Advice to be successful at seed-stage tech startup

So I'm working at a seed stage tech startup after working in the arts industry. I've been there ~5months and feel like I'm still struggling to do basic tasks. When I ask for clarification or training it's never as detailed or specific as I would need---I'm very process oriented and not getting the support I need.

I was recently told by a colleague that our manager is not interested in training the team, they're just interested in people figuring it out for themselves.

What advice or experience can you share to help someone be successful at a seed stage startup?

In my experience at seed stage companies you have to build and create all processes from scratch. Most of the time it’s about figuring things out, documenting and putting process in place. If that isn’t your jam I suggest looking for roles at much larger companies where operations are in place already.
@stephaniecn is right. seed stage startups have no processes. the team has to build everything from scratch. If that isn't your skill set working at a startup is going to be miserable.
It's a shame this is only coming to light at this stage, 5 months in. If you do decide to stick it out, keep in mind that start-ups gives you a whole new and different set of skills that you can add to your portfolio. Look at how you can adapt your learning style to be successful in this environment. #growthmindsetIf you're not able to find the support you need and decide to move on, please build this into your interview questions.I'm always reminding clients that you're interviewing companies as much as they're interviewing you. Go in knowing your values and what your essential conditions are for success. Have your questions on hand so you can gauge throughout the interview process directly and indirectly as to whether those conditions will be met.
That can be a frustrating situation to be in especially as you’re transitioning industries. As others have said, in an early start up environment you have to build everything from scratch and the expectation, more often than not, from management is that employees just “figure it out”. I believe that’s what people actually mean when they refer to a “start up mindset “.If you prefer to operate by following clear, predefined processes, the start up environment may not be for you, BUT! If you enjoy creating and building new things the fact that you’re process oriented can be an asset. So if you otherwise enjoy the work and want to try sticking it out here is my practical advise based on years of working in a start up where I had to figure it out every step of the way:- Get clear on WHAT you’re working toward. What’s the number, the outcome, the metric you’re responsible for? Management may not care how you do it as long as you figure it out, but surely they’re expecting you to achieve something to grow the company? - Focus on your processes: what do you do when situations arise? Or what would training include if it existed? Work with your colleagues to fill in the gaps and get input and sign off from your manager along the way- Ask direct questions. I don’t know you’re manager, but I’m going to assume they’re also just figuring it out. Show up to conversations with possible solutions— even if you’re unsure or just made it up! “I have X situation and I’m planning to do Y about it— what do you think? Would you recommend another path?” It might be easier for your manager to engage with training this way- Find a career coach or mentor you can work with to talk through the challenges or even set up a peer mentoring relationship with a colleague- Try to get comfortable being uncomfortable. Start ups are a tough environment to find your bearings and 5 months is a relatively short period of timeIf any of this was helpful, feel free to reach out of you'd like to chat more. - Search engines are your friend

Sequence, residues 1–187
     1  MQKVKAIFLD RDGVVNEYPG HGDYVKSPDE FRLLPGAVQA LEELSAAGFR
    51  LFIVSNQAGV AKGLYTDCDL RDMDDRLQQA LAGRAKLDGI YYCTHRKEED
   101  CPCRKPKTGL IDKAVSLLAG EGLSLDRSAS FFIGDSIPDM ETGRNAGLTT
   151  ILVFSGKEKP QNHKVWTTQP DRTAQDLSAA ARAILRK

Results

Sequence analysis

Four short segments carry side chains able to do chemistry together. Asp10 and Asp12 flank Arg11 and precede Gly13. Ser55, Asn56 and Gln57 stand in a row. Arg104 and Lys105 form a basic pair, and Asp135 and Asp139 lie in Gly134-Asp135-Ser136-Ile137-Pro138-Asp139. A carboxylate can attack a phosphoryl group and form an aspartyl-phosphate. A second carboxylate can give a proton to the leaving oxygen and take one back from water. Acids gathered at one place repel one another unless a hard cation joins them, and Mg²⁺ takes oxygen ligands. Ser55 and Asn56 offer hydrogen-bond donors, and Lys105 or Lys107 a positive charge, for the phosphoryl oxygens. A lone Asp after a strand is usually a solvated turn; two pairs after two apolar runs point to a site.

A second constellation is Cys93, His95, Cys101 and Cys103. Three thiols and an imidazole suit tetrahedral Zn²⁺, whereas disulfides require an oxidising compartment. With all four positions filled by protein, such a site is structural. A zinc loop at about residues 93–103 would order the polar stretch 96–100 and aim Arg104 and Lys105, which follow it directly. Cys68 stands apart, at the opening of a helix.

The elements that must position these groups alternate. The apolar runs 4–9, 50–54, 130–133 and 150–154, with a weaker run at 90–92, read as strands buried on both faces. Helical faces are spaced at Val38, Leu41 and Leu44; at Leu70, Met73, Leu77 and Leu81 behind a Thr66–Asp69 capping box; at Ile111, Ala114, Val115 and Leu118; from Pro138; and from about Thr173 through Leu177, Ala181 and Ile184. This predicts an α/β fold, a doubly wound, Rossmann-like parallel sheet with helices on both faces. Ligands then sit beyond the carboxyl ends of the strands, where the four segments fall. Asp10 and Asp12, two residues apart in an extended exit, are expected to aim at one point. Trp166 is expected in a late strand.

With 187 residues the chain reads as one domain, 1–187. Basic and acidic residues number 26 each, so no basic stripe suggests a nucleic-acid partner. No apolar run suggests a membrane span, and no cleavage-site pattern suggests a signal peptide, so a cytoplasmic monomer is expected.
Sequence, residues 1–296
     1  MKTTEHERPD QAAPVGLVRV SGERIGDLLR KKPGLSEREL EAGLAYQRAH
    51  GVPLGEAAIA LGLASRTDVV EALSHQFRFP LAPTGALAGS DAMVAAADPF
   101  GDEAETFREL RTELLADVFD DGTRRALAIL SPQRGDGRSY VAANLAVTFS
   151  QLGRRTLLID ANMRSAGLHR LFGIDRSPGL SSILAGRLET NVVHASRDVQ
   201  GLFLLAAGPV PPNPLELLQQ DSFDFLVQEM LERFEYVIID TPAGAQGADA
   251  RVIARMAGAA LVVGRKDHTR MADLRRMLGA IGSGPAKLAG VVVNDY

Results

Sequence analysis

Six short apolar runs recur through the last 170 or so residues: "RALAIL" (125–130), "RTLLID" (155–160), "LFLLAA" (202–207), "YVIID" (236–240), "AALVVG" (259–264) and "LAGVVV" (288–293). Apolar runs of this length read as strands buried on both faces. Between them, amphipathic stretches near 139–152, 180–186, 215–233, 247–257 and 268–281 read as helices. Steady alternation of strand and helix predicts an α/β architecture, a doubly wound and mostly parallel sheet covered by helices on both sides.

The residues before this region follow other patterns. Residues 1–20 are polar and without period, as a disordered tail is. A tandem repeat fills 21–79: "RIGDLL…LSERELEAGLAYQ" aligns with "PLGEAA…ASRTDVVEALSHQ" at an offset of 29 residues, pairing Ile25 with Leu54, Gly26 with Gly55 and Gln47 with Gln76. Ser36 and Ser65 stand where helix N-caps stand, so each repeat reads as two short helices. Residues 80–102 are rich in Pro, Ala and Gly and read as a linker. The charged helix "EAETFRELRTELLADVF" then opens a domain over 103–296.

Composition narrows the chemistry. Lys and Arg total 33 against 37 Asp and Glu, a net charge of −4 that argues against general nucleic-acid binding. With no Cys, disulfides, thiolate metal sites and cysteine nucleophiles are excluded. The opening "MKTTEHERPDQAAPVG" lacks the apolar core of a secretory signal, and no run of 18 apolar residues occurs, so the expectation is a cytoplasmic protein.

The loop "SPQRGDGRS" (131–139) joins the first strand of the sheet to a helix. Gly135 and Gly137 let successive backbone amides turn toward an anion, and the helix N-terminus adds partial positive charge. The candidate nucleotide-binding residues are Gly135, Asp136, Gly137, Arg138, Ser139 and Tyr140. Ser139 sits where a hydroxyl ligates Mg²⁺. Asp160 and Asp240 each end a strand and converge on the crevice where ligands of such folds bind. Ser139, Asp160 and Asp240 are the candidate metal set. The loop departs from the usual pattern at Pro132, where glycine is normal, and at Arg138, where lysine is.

To be successful, you need to [1] be comfortable with ambiguity, [2] be resourceful, [3] be comfortable with a fast-paced and/or changing environment.Often at a seed stage, everyone is still trying to figure things out and have their part to play. Because things may be ambiguous a lot of the time, being resourceful means you'll unblock yourself and find what you're looking for on your own. Things may constantly be changing too...there may be pivots or things may get deprioritized etc. You just need to be comfortable with everything so you can learn and grow.I joined a seed stage startup earlier in my career and although I did struggle too because there was no mentorship of any kind, but I powered through and learned so much. It's okay to not know everything...just know how to figure things out on your own without waiting for someone to tell you what to do.